The claim in (26a) goes against previous accounts of the semantics of 3rd-plural
arbs (indefinite account of Chierchia 1995a, ambiguity account of Cabredo-Hofherr 2002, among others), implicit agents in verbal passives and sja-passives (among others Dowty 1978 and Markman 2001, respectively, treat them as indefinites), and impersonal pronouns man and one (argued to be uniformly definite by Kratzer 1997 and Safir 2004, respectively). At the same time, claim (26b) contradicts Koenig and Mauner 1999, who argue that implicit agents in short verbal passives are invisible in discourse, whether as potential topics or antecedents for future anaphora. I shall show that in important respects implicit agents (like 3rd-person plural arbs) behave like definite noun phrases and unlike on, man or si-impersonals in discourse, in that they are not referentially impotent.
The second clause in (26b) provides an important clue as to the nature of arbitrariness cross-linguistically, as it provides an answer to the question, why are impersonals and passives used at all? My answer to this question follows the analysis provided in Prince 2003, 2006 for the impersonal pronoun me(n) in Yiddish. Since subjects cross-linguistically provide salient topics/antecedents for future discourse anaphora, passives serve to remove agent denotations from this top-ranked status. Impersonals are then a kind of asyntactic passive: Type 1 arbs put the agent/subject
Chapter 1. Introduction
denotations low on the list of potential topics or antecedents, while Type 2 arbs remove the subject denotation from salience computation altogether. In accounting for the interpretation of passives and impersonals, the hypothesis in (26) raises several issues that go beyond the theory of arbitrariness. First, four of the items have readings that are indexical or indexical-like: the 2nd-person arbs may be interpreted as referring to the hearer (an unsurprising fact) (27), while man (in most dialects), on, and si have readings referring to some group involving the speaker, akin to we (28). (27) Russian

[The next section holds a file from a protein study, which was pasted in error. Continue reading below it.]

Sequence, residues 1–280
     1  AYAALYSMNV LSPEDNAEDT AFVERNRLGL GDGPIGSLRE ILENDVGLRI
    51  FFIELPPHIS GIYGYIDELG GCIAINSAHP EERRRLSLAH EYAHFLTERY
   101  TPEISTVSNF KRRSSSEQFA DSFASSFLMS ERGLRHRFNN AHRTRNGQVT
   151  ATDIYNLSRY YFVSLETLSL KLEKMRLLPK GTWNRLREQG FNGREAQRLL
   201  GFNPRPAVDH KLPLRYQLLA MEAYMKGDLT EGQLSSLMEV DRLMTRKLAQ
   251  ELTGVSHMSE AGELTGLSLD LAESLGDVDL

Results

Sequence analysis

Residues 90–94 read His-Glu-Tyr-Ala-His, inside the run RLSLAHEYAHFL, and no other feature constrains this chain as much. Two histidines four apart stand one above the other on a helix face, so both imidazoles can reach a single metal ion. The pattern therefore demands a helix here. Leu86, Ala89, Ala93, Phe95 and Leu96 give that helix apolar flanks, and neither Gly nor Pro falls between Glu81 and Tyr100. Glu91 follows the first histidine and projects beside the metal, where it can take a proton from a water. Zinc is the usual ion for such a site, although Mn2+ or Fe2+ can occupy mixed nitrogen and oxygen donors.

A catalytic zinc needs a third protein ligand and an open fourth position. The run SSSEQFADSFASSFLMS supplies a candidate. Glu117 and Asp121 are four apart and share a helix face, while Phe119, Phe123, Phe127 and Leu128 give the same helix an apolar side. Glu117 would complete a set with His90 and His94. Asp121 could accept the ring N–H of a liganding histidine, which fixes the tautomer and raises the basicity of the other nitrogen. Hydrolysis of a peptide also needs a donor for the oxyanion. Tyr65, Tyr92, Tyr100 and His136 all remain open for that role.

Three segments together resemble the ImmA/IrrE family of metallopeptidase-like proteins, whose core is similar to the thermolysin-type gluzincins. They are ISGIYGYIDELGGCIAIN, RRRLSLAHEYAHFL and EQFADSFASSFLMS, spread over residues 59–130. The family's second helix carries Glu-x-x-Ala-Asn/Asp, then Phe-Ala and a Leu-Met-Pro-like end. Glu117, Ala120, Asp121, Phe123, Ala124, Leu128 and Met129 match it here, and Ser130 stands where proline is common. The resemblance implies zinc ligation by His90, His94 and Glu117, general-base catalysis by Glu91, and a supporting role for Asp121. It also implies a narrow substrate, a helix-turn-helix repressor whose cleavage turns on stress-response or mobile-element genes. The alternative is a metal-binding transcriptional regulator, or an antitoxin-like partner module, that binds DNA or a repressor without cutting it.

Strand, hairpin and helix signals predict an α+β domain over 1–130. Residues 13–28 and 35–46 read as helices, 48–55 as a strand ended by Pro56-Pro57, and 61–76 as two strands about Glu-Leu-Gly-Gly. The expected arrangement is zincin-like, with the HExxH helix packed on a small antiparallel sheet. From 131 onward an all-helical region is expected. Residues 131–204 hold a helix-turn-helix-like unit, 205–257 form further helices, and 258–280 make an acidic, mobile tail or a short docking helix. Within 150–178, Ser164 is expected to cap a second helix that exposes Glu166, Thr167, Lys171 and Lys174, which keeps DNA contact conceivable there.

a. Ty tol'ko chto podzhog dom! You only what house ‘You just set a house on fire!’ English
b. You just burned a house!
(28) German a. Letzte Weihnachten hat man zu Hause verbracht
Last Christmas has MAN to home spend-time ‘Last Christmas we spent at home’ French
b. On a passé ce Noël entièrement à la maison ON has passed this Christmas entirely at the home ‘This Christmas we spent entirely at home’ Italian
c. Ieri si é arrivati tardi Yesterday SI is arrived late ‘We arrived late yesterday’
The question presented by this group of items is thus, what sort of denotation
would produce items that are at once indexical(-like) and impersonal? The possibility of impersonal interpretation seems contradictory to the very nature of indexicality. I flesh out this apparent contradiction in Chapters 4 and 5 in more detail, and provide two related (but distinct) solutions, one addressing this question for 2nd-person arbs, and another for on/man/si. In both cases, I argue that these arbs are composed of two elements, one responsible for the indexical(-like) behavior, and the other – an indefinite variable – for the impersonal interpretations. After examining the behavior of man, si, and on in logophoric contexts, I also address the residual question of the exact nature of the reference to speaker made by the indexical-like uses of man, on, and si. I will argue that
Chapter 1. Introduction